It is too easy for the church to wag its finger and tell people they should "make the right choice," insisting that kids attend Sunday School rather than soccer. When we make that simplistic claim we fail to recognize that when Christian families make the difficult choice to spend Sunday mornings somewhere other than church, they are often doing so out of love. In a world where families have less time together, who can blame them for making the decision in love to spend time together on Sundays rather than run off to church? In a world where kids are worried about college applications even in middle school, it is love that propels a mother to send her child to soccer, hoping that this athletic skill might help her son compete in the cut throat, competitive world of high school and college. In a world where jobs are hard to come by, who can blame someone for taking a job on Sunday mornings so that he can provide for himself and the family he loves?
What the church is called to do in these situations is to respond in love, support families in their God-given vocation of caring for each other, and explore ways to extend its ministry to people whose lives are governed by hectic and oppressive schedules. And yes, there is a time and a place for discussing the choices that we Christians are called to make … but that place is not from the blunt end of a wagging finger. Instead, it might be at the sideline of a soccer game, on a church-sponsored family retreat, or at the end of an eight hour shift on Sunday afternoons. The church and its members can only benefit by going into the world and meeting people where they're at, following the example of our Lord who loved the world so much that he entered into it, walked with his people in love, and shared in the joys and sorrows of their humanity.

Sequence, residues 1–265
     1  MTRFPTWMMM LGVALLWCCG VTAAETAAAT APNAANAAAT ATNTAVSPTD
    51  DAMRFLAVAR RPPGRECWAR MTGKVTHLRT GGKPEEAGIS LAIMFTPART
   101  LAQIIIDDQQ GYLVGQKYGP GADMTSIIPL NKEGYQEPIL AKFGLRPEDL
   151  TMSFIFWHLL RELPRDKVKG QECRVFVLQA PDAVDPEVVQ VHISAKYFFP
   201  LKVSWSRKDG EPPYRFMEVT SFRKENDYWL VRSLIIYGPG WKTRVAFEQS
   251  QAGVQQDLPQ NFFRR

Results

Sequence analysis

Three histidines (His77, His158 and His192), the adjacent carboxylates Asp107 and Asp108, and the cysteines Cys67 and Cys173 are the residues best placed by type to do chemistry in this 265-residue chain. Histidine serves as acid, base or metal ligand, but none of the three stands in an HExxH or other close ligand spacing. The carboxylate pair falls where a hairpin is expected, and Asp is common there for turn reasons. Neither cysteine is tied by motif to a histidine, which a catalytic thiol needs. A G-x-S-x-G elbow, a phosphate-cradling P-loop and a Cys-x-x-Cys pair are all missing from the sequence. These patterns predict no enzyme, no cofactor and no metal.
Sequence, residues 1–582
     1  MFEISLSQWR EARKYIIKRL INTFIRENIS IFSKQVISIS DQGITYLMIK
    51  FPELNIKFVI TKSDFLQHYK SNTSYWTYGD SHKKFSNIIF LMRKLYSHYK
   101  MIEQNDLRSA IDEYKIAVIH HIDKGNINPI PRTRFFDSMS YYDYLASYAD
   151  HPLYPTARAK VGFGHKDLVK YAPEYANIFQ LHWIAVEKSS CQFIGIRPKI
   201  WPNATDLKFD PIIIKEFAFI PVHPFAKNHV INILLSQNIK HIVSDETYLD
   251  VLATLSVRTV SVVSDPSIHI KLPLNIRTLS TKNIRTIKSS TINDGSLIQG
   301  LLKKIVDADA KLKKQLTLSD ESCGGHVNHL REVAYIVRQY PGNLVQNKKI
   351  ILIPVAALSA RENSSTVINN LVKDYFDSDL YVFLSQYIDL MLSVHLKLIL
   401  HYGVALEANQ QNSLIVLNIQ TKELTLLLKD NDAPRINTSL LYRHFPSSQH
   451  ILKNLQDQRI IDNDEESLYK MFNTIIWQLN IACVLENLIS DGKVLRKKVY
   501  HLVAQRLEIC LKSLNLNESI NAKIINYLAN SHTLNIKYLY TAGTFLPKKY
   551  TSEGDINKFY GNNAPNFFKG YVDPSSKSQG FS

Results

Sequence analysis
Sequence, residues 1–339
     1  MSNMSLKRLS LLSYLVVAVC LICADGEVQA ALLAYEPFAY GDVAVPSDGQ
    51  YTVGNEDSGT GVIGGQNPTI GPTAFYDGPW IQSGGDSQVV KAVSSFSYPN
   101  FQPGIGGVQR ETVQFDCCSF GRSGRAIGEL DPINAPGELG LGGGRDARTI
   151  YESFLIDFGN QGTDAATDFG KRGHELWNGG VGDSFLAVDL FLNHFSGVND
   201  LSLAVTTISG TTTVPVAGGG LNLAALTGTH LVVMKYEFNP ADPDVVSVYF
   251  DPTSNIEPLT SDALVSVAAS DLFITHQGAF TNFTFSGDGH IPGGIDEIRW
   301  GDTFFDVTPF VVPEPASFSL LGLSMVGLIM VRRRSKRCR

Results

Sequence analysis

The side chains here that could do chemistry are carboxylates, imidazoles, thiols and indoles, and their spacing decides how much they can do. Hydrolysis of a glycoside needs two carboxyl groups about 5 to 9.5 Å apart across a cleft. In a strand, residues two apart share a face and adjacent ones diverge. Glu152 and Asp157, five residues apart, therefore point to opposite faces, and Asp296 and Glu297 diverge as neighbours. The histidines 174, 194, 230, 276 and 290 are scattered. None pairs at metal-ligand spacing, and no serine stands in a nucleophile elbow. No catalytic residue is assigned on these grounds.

6 thoughts on “Choosing Church … or Vacation, or Soccer, or Work, or Family Time, or …”
Thank you for this, Chris. Parents need to be supported. They don’t need more guilt…we (parents) already place enough blame on ourselves for other perceived failings.
Your church has gone from 5.3 to 4.68 million since it was founded; face it, with only 2.5% of the US population Mainline Protestant and with a median age of 63, you’d better get used to smaller congregations.
Perhaps it is time we give up our claim on Sunday mornings. How can we better reach folks where they are, rather than where we want them to be? What do you think it would mean to a youth group member if Pastor Chris showed up at his (gasp) Sunday morning soccer game?
I agree with everything you say here, but there’s also the flip side of the coin: that parents (and everyone else) are so invested in the system of success and competition that virtually anything can be justified out of “love” if it seems to give the loved one a leg up in the world. The idolatry of sports in America, just to take one example, could use a serious Christian critique.
Christine, I agree. I wonder then do we engage in the conversation about when Sabbath is? Sabbath time is intended to be a gift not just law. One local Bible church near me built ball and soccer fields. Now the teams can play there and be church too.
I think my response just got eaten when I was signing in to TypePad.
I do think this is true. But I also think this is not the whole story. Parents may sign kids up for soccer out of love, or out of a desire to keep them busy, or because they need the exercise, or because their friends are. By and large, though, they’re taking them to soccer games on Sunday because the Soccer league says if they don’t, their kids are out of the league. I’m not sure if that’s love.
I agree with Christine that parents sure don’t need more guilt. And I completely agree with your newsletter article–beautifully put. But I think the situation is more complex than unadulterated love. You put it well when you say we need to minister to people “whose lives are governed by hectic and oppressive schedules.” It’s complex. If it’s oppressive, how do we set people free?
Very thought provoking, interesting article. Will ponder. Thank you.